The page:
Greetings From: Lake Itasca, MN

Lake Itasca is known as the headwaters of the Mississippi, but the fall colors were as much of a draw as the river.

by Michael Boyink /


You might think it’s an Indian name. 

Indeed, it may have been based on the Indian words for a woman’s breast.

Or it may have been created from the Latin words veritas and caput, meaning “truth head”. 

Different stories, but coming from the same person. 

A person well-known to anyone interested in Ozark history.  

Years before Henry J. Schoolcraft discovered and named the source of the Mississippi River, he undertook a three-month, 900-mile trip through the White River Valley area of the Ozarks. 

He chronicled those experiences in Journal of a Tour into the Interior of Missouri and Arkansaw, which served as an (unfavorable) introduction of the Ozarks to the more modern society back east.

We weren’t as adventurous as Mr. Schoolcraft. But like him and many other early explorers, we were curious about the mighty Mississippi.  

We came up with a goal.

MsBoyink crosses the not-yet-mighty Mississippi at the headwaters near Lake Itasca in Minnesota.

We wanted to drive the entire length of the Mississippi River. North to south. Minnesota to Louisiana. Lumberjacks to Cajuns. Curling to jazz.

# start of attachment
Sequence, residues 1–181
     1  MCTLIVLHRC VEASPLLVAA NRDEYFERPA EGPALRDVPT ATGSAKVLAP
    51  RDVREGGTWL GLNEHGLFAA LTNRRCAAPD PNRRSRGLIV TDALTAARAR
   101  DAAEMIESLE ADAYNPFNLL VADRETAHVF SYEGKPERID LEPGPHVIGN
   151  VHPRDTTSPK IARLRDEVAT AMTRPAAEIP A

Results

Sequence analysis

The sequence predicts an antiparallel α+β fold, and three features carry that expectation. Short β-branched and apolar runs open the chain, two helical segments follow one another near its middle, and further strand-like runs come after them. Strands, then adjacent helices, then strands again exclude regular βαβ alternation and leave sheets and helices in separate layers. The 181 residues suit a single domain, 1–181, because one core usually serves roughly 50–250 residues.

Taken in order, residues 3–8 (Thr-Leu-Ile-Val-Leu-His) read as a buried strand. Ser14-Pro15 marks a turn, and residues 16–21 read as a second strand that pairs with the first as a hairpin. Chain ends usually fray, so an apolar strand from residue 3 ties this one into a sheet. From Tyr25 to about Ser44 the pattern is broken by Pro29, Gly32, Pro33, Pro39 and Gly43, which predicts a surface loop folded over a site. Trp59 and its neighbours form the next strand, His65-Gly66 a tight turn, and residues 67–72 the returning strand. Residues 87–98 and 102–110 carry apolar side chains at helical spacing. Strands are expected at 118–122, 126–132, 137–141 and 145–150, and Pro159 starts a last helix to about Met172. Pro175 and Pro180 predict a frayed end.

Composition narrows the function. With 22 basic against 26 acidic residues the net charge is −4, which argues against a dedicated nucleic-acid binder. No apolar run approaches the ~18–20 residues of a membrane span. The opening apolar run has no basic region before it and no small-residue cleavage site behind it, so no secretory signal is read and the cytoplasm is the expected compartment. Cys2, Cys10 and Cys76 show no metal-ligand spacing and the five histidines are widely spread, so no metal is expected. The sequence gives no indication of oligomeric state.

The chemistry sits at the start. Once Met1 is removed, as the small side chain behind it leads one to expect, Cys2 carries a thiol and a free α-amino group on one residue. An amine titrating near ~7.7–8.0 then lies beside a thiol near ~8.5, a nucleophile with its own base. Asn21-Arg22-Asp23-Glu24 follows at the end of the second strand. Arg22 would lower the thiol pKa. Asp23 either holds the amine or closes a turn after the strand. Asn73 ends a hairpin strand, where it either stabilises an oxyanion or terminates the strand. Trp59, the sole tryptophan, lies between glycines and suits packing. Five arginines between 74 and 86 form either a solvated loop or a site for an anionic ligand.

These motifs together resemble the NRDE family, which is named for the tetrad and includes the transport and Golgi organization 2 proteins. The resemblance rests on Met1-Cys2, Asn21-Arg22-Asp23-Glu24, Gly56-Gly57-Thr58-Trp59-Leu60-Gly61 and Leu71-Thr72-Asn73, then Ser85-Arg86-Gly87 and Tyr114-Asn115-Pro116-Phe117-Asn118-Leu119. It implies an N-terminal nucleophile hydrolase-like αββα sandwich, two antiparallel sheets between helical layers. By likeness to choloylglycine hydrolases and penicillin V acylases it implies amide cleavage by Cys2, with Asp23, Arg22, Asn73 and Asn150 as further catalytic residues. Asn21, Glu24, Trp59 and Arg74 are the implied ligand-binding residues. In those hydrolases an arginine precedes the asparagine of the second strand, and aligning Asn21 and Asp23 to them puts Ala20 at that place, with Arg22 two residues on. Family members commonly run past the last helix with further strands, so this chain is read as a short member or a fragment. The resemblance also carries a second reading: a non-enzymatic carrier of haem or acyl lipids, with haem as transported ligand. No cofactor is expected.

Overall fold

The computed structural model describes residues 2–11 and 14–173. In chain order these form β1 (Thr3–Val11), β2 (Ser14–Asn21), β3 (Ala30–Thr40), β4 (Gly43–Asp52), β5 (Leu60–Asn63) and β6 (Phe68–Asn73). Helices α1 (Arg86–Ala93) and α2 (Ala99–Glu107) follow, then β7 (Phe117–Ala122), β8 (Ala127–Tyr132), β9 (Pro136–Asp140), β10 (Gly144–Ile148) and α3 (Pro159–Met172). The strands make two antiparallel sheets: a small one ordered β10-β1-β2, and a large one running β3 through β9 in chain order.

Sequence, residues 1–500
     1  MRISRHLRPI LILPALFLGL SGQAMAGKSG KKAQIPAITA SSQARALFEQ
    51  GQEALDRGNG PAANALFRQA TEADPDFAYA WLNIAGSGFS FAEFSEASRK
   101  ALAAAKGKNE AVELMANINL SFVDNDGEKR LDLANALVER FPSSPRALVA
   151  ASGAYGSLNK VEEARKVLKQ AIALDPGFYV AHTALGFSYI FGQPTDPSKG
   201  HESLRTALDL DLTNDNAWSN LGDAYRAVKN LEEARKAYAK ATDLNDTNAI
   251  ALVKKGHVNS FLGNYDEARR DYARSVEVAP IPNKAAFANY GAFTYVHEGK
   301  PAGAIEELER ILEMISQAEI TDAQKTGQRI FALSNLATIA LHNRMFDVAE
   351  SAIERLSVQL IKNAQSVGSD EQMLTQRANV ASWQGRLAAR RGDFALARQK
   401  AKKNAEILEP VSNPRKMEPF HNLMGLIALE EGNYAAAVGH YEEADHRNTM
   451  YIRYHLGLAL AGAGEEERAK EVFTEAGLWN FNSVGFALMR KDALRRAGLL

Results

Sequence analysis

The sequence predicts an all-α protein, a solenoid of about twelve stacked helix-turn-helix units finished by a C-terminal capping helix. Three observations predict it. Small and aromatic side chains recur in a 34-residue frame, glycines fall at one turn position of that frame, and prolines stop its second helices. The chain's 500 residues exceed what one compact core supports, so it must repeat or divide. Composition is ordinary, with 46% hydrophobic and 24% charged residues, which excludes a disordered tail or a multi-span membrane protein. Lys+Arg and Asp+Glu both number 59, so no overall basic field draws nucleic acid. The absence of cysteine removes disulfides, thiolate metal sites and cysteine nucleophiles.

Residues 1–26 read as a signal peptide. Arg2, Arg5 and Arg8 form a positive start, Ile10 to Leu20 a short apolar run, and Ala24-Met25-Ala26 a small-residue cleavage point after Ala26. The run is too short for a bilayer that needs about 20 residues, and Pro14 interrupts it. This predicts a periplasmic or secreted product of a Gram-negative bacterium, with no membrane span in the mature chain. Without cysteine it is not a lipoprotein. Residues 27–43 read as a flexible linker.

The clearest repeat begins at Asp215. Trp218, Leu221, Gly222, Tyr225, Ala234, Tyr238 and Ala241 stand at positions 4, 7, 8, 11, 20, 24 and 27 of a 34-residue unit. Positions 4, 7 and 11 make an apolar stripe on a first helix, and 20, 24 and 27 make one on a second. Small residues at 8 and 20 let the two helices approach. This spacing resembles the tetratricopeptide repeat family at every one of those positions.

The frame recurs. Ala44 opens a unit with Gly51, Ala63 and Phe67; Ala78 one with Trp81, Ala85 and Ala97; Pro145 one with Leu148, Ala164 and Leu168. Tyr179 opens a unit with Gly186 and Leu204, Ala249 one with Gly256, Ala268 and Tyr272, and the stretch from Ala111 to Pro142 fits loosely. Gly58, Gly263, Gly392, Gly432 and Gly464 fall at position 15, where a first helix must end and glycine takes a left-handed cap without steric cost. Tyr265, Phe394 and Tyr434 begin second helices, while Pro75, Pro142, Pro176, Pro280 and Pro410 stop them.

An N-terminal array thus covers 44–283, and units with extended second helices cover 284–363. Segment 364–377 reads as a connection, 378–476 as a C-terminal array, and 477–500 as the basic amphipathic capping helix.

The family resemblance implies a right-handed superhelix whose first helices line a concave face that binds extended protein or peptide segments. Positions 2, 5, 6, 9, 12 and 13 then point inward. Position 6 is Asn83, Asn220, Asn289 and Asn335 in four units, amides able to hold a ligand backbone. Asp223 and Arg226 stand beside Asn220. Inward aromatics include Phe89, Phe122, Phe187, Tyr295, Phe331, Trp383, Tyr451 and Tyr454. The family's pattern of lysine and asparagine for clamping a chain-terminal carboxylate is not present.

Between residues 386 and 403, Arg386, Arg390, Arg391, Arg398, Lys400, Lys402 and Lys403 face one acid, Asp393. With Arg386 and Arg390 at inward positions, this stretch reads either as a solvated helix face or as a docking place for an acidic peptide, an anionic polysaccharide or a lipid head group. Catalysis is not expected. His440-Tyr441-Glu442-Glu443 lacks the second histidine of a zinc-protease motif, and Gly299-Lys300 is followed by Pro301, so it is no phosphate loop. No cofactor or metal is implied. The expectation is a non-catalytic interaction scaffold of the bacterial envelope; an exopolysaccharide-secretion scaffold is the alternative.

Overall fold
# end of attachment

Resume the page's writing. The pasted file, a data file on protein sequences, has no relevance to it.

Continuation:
So we started at the source.

Lake Itasca is in northern Minnesota, roughly 100 miles from the Canadian border.

We arrived in early October. Temps were chilly. The park was mostly deserted. But the forest was ablaze in fully saturated fall colors. 

We made camp for three nights, ate around a campfire, and hiked trails in the colorful woods.

And we kicked off our 2000+ mile trip by getting wet.

We rolled up our pants and waded across the entire Mississippi River.

All twenty feet of it.

Enjoying more fall color around Lake Itasca.

Then, with the weather turning and the schedule calling, we decided it was time to hitch up and head south to follow the river.

We were wrong.

Because for the first 30 miles or so, the Mississippi River doesn’t go south.

It flows north.

Then, in a shepherd-hook shaped turn peaking near the town of Bemidji, Minnesota, the river swings back to its true south-flowing course.

It was a good reminder. 

Life has had unexpected twists and turns. Poor decisions. Bad relationships. Rebellion. 

But no matter which direction we meander off heading, God is in control. He sets the destination and direction of our lives.

He can swing us back and get going in the direction we need to go.

He is our “truth head.”

Our Itasca.

Itasca State Park is open year round, with limited services available during the winter. Learn more at